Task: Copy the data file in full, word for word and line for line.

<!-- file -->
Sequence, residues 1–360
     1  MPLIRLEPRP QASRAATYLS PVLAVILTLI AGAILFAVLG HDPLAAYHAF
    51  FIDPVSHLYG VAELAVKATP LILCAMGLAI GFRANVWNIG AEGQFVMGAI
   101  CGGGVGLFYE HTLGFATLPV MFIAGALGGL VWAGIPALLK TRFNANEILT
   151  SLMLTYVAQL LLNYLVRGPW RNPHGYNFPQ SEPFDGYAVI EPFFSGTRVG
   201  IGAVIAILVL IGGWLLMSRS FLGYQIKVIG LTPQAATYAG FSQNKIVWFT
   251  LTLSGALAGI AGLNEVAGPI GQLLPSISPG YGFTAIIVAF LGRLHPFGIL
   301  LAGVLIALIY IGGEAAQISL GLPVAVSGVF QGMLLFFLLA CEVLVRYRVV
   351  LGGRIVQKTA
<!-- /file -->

Sequence, residues 1–360
     1  MPLIRLEPRP QASRAATYLS PVLAVILTLI AGAILFAVLG HDPLAAYHAF
    51  FIDPVSHLYG VAELAVKATP LILCAMGLAI GFRANVWNIG AEGQFVMGAI
   101  CGGGVGLFYE HTLGFATLPV MFIAGALGGL VWAGIPALLK TRFNANEILT
   151  SLMLTYVAQL LLNYLVRGPW RNPHGYNFPQ SEPFDGYAVI EPFFSGTRVG
   201  IGAVIAILVL IGGWLLMSRS FLGYQIKVIG LTPQAATYAG FSQNKIVWFT
   251  LTLSGALAGI AGLNEVAGPI GQLLPSISPG YGFTAIIVAF LGRLHPFGIL
   301  LAGVLIALIY IGGEAAQISL GLPVAVSGVF QGMLLFFLLA CEVLVRYRVV
   351  LGGRIVQKTA